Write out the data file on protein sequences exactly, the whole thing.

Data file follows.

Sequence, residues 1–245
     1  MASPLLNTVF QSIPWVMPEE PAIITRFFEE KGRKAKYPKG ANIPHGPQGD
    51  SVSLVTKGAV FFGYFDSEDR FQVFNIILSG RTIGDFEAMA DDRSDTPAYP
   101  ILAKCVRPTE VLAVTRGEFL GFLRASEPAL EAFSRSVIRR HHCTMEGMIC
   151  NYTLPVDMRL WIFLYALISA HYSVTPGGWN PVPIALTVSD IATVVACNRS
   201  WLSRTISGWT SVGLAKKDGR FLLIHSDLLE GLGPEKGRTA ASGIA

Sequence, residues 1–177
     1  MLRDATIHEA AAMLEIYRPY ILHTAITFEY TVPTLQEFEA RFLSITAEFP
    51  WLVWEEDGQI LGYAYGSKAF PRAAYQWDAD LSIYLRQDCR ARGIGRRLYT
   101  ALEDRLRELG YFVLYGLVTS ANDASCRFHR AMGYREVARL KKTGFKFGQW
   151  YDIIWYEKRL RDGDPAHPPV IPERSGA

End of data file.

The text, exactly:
Sequence, residues 1–245
     1  MASPLLNTVF QSIPWVMPEE PAIITRFFEE KGRKAKYPKG ANIPHGPQGD
    51  SVSLVTKGAV FFGYFDSEDR FQVFNIILSG RTIGDFEAMA DDRSDTPAYP
   101  ILAKCVRPTE VLAVTRGEFL GFLRASEPAL EAFSRSVIRR HHCTMEGMIC
   151  NYTLPVDMRL WIFLYALISA HYSVTPGGWN PVPIALTVSD IATVVACNRS
   201  WLSRTISGWT SVGLAKKDGR FLLIHSDLLE GLGPEKGRTA ASGIA

Sequence, residues 1–177
     1  MLRDATIHEA AAMLEIYRPY ILHTAITFEY TVPTLQEFEA RFLSITAEFP
    51  WLVWEEDGQI LGYAYGSKAF PRAAYQWDAD LSIYLRQDCR ARGIGRRLYT
   101  ALEDRLRELG YFVLYGLVTS ANDASCRFHR AMGYREVARL KKTGFKFGQW
   151  YDIIWYEKRL RDGDPAHPPV IPERSGA